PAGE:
# Centre of gravity for multiple objects

• aab234
In summary, the conversation discusses calculating the distance of the centre of gravity from support A for a framework containing 4 crates at 52kg each. The individual's answer was 3.8m, but after further analysis and correction of a mathematical error, the correct answer is 5.25m. The conversation also emphasizes the importance of using diagrams in physics and relying on the balance-point rule rather than solely remembering equations.
aab234
Hi. This is my first post so apologies if I do anything wrong.

I have a homework question.

*calculate the distance of the centre of gravity from support A for a framework containing 4 crates at 52kg per crate.

I'll describe the diagram:

A is on the far left. 3m from A are 2 crates stacked on each other (so 104kg), 6m from A there is another crate, then another crate at 9m from A.
I'm disregarding support B at 12m from A.

My answer is that as the crates ate the same mass, we'll call them m.
I'll use x as the unknown distance I'm looking for. So:

3 (2m) + 6 (m) + 9 (m)

19m = 5mx
x = 3.8m

So the centre of gravity is 3.8m from point A.
Am I correct?

As I've seen pop up a few times on here I'm studying with ICS and they're...a little lacking in quality educational material so I've had to work it out on my own so if I'm shockingly incorrect a point in the right direction would be great.

Thanks.

Welcome to PF;

All masses are in a line? ... imagine they are sitting on a beam and don't worry about the supports for now.
The center of gravity is the position x where you would put a pivot and the beam would balance.

x=3.8m is 0.8m to the right of the 2 stacked crates ... a single crate 1.6m on the other side would balance it, but you have two crates much further away than that so the whole thing tips over clockwise.

If you sketch it out to scale and draw in a pivot at your value for x, you intuition should tell you the same. The same intuition should give you an idea of where the pivot should go, which will tell you if your maths comes out right.

You analyzed it pretty OK, but you have to do the math correctly. The left hand side of your equation should be 21m, and the right hand side should be 4mx (you only had 4 crates, not 5).

Incidentally, Welcome to Physics Forums!

Chet

Doh! Maybe I should learn to add up first. Sigh...

So let's try that again.
3 (2m) + 6 ( m ) + 9 ( m )
21m = 4mx
x = 5.25

I've drawn a diagram and 5.25 metres from A as a fulcrum looks like it world balance so I think this is right.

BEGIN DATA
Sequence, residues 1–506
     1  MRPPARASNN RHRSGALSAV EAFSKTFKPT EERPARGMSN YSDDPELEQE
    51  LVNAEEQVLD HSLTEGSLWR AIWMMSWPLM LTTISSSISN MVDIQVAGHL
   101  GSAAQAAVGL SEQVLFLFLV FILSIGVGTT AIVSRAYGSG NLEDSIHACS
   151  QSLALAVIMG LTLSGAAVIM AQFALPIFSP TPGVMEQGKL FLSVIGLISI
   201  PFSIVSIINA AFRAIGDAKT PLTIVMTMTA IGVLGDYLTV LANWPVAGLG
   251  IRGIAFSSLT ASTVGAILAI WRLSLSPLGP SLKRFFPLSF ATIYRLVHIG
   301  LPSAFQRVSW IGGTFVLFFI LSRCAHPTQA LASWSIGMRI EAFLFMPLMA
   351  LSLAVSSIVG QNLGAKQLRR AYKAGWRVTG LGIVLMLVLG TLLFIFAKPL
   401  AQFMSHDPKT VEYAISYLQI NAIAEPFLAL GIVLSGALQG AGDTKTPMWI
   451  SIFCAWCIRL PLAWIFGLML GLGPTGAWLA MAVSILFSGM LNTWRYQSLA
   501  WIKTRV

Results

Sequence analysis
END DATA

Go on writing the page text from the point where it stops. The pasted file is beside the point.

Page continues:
Thanks for the help guys. I'll return the favour one day, when I've learned to add up obviously. How embarrassing.

*Would balance.

Seems I can't spell either. Not my finest hour I have to say.

2am effect? - have another coffee ;)
I've drawn a diagram and 5.25 metres from A as a fulcrum looks like it world balance so I think this is right.
... diagrams are the backbone of physics :)

If you rely too much on remembering equations, you cna get tied up in simple mistakes like this.
If you remembered about the balance-point rule, that wouldn't happen. Also you would not need to memorize the equation. Just remember that the sum of the moments must be zero.

## 1. What is the definition of centre of gravity for multiple objects?

The centre of gravity for multiple objects is the point at which the entire weight of a system can be considered to act. It is the average location of the weight distribution of all the individual objects in the system.

## 2. How is the centre of gravity calculated for multiple objects?

The centre of gravity can be calculated by finding the weighted average of the individual objects' positions. This involves multiplying each object's weight by its distance from a reference point and then dividing the sum of these products by the total weight of the system.

## 3. Does the shape of the objects affect the centre of gravity for multiple objects?

Yes, the shape of the objects does affect the centre of gravity. Objects with more weight distributed toward the edges will have a higher centre of gravity compared to objects with weight more evenly distributed throughout their shape.

## 4. What is the importance of the centre of gravity for multiple objects in physics?

The centre of gravity is important in physics because it helps determine the stability and balance of a system. It is also used in the study of forces and motion, as the location of the centre of gravity can affect how an object behaves when subjected to external forces.

## 5. Can the centre of gravity for multiple objects change?

Yes, the centre of gravity can change if the weight distribution of the individual objects in the system changes. For example, if an object is added or removed from the system, the centre of gravity will shift accordingly. Additionally, changes in the position or orientation of the objects can also affect the centre of gravity.

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